Newsday.com – General: We’re in a ‘Spiritual Battle’
A three-star general active in the search for Osama bin Laden and Saddam Hussein has told religious audiences that the war on terrorism is a battle between a ”Christian army” and Satan, and that Muslims worship an ”idol” and not a ”real God.”
[The comments by Army Lt. Gen. William “Jerry” Boykin]
The General Who Roared
General Boykin was not exercising the free speech rights of a private citizen. Speaking as he did in uniform the day after he was appointed deputy under secretary was indefensible. Not only did a high-ranking government official make remarks that espoused a single religious view and denigrated others, but he damaged the national security policy of the United States. President Bush and all other top officials have said often, and rightly, that the United States is not engaged in a religious war.
Mr. Cheney was speaking to 200 invited guests at the conservative Heritage Foundation — and even they were not allowed to ask any questions. Great. Osama bin Laden and Saddam Hussein issue messages from their caves through Al Jazeera, and Mr. Cheney issues messages from his bunker through Fox. America is pushing democracy in Iraq, but our own leaders won’t hold a real town hall meeting or a regular press conference. …
If you’re going to give a major speech on Iraq to an audience limited to your own supporters and not allow any questions, that’s not news — that’s an advertisement, and you should buy an ad on the Op-Ed page. …
Every other word out of this administration’s mouth now is “terror” or “terrorism.” We have stopped exporting hope, the most important commodity America has. We now export only fear, so we end up importing everyone else’s fears right back.
Senior Federal Prosecutors and F.B.I. Officials Fault Ashcroft Over Leak Inquiry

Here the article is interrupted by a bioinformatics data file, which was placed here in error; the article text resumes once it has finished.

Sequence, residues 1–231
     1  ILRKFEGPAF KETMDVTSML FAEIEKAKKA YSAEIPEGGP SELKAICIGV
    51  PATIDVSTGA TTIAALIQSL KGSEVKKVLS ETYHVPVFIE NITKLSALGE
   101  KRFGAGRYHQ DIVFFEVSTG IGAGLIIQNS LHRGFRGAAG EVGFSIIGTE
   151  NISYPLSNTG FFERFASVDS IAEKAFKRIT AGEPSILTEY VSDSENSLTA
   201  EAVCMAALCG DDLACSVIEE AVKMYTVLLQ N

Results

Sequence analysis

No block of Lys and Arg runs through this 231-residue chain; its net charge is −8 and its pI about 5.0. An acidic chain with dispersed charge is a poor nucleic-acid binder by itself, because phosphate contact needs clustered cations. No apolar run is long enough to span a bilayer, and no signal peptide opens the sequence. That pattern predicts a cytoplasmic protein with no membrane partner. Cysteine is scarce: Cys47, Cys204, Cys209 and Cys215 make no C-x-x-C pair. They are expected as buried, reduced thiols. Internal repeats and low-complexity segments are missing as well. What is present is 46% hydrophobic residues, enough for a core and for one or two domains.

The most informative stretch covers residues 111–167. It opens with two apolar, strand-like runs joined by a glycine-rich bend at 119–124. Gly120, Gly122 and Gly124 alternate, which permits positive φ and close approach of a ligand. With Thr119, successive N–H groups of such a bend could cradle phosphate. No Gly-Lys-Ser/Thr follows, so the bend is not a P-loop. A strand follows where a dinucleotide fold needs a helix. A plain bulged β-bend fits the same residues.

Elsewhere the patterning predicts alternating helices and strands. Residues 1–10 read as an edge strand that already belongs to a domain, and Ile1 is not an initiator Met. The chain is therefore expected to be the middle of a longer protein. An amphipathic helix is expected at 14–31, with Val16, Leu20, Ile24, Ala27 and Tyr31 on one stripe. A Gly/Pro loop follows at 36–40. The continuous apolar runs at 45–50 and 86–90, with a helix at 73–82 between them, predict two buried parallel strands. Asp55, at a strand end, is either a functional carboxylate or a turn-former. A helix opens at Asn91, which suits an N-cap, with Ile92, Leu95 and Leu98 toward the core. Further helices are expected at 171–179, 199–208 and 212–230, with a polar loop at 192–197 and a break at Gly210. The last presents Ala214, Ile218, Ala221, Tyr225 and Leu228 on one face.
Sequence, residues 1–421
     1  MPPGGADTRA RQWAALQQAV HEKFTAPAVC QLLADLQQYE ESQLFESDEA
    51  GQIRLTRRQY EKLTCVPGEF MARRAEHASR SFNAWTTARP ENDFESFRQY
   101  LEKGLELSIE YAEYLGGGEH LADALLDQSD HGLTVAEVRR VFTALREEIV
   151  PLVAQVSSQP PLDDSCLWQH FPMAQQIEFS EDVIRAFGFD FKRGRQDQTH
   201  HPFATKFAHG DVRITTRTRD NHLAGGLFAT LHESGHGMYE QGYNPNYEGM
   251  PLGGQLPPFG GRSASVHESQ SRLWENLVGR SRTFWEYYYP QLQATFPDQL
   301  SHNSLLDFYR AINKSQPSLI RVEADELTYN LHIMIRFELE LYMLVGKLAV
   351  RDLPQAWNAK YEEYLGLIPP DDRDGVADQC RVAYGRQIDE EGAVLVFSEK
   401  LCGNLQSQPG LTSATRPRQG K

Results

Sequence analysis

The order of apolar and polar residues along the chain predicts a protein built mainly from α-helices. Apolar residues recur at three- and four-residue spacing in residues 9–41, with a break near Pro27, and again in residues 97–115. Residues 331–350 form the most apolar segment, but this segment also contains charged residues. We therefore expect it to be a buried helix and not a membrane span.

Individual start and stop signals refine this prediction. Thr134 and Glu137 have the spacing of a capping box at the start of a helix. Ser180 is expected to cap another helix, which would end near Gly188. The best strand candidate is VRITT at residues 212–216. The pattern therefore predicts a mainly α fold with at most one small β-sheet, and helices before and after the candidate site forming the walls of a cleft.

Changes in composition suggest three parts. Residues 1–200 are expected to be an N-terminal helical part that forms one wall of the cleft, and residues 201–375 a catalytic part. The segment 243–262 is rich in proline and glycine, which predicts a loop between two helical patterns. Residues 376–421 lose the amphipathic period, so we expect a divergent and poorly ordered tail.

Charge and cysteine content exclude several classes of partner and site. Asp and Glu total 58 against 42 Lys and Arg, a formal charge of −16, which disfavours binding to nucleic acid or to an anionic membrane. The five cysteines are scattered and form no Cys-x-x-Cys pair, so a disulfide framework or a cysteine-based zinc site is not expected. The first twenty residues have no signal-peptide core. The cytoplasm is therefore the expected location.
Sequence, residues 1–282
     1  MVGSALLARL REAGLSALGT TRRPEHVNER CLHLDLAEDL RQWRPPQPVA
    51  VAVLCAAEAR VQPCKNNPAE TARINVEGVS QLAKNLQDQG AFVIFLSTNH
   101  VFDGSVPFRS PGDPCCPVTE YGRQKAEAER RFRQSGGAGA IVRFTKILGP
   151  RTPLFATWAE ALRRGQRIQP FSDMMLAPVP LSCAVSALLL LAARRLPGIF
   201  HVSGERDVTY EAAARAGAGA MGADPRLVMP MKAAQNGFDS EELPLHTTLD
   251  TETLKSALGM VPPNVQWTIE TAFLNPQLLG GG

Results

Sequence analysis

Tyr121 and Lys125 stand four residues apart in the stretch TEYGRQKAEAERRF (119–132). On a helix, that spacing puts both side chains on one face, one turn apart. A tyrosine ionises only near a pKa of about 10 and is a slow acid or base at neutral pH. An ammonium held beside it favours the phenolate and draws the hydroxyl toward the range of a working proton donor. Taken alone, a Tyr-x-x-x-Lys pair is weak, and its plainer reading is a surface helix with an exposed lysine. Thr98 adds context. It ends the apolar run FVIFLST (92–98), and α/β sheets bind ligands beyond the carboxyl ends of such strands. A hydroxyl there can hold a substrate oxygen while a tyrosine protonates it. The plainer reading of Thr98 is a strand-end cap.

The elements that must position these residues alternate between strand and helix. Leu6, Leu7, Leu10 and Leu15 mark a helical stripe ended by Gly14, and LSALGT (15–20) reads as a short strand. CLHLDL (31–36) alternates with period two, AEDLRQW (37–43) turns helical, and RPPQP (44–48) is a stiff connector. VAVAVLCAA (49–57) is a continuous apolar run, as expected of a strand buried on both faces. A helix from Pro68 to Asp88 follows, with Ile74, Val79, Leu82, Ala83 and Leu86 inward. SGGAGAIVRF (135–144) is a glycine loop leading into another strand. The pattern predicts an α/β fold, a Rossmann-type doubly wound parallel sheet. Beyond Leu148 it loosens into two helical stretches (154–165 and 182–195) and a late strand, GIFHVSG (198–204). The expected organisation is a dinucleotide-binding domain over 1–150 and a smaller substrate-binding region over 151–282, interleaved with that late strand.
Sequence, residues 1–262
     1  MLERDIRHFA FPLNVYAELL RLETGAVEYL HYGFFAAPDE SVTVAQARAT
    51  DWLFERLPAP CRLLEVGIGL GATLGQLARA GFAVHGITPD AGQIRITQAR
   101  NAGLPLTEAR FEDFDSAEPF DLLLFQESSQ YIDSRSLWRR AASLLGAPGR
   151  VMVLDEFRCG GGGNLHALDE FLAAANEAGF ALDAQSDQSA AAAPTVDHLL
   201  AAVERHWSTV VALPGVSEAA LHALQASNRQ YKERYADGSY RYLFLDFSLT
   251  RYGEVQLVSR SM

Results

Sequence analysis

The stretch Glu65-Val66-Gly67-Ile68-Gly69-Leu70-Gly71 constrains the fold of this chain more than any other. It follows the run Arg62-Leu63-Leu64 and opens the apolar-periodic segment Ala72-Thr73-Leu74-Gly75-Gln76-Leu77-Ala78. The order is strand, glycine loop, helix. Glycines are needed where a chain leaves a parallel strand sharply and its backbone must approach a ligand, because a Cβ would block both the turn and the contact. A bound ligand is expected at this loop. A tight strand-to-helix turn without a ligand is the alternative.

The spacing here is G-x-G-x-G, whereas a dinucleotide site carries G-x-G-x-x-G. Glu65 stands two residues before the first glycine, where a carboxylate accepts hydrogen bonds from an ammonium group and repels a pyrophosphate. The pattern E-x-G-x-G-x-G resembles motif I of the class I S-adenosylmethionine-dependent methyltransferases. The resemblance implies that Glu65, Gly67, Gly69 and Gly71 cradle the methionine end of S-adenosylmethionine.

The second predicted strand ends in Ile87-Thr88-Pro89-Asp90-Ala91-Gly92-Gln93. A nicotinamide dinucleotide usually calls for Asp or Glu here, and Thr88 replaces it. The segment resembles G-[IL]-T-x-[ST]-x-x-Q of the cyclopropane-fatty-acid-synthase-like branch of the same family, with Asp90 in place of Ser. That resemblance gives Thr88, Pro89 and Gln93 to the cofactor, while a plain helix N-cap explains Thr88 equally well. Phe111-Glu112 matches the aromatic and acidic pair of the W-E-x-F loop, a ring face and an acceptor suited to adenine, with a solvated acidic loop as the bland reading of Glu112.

Several senior criminal prosecutors at the Justice Department and top F.B.I. officials have privately criticized Attorney General John Ashcroft for failing to recuse himself or appoint a special prosecutor to investigate the leak of a C.I.A. operative’s identity.
The criticism reflects the first sign of dissension in the department and the F.B.I. as the inquiry nears a critical phase. The attorney general must decide whether to convene a grand jury, which could compel White House officials to testify.
The criminal justice officials, who spoke on the condition that they not be identified, represent a cross section of experienced criminal prosecutors and include political supporters of Mr. Ashcroft at the department’s headquarters here and at United States attorneys’ offices around the country.
2 in House Question Halliburton’s Iraq Fuel Prices
Two senior Democratic congressmen are questioning whether Halliburton is overcharging the United States government in the procurement of gasoline and other fuel for Iraq, which is now importing oil products to stave off shortages.
”Halliburton seems to be inflating gasoline prices at a great cost to American taxpayers. The overcharging by Halliburton is so extreme that one expert has privately called it ‘highway robbery,’ ” the letter said.
Halliburton has charged the government $1.62 to $1.70 a gallon for gasoline that could be bought wholesale in the Persian Gulf region for about 71 cents and transported to Iraq for no more than 25 cents. The fuel was sold in Iraq for 4 cents to 15 cents a gallon….
Iraq, which has the third-largest oil reserves in the world, is producing at roughly half its prewar level of about 2.5 million barrels a day.
Remember, Halliburton is IMPORTING oil into Iraq.
“Highway robbery” or “war profiteering”? Halliburton (Dick Cheney’s company) is making a fortune in restoring Iraq’s oil production; in the meantime, they’re making another fortune selling IMPORTED oil at a loss to Iraqis. Sweet deal. mjh
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President Bush’s approval rating up in latest poll
The CNN/USA Today/Gallup poll found that the president’s approval rating stands at 56 percent. In mid-September, Bush’s approval rating was at 50 percent in a similar poll.
A Gallup official says finding a particular reason for the boost is difficult, suggesting it could be due to signs of an improved economy, or to the coverage of the California recall crowding out some of the criticism of the president.
Meanwhile, the poll suggested that the 2004 election race is still close. Thirty-eight percent of those surveyed said they’d vote for Bush, 38 percent said they’d vote against him, and 24 percent said they were unsure.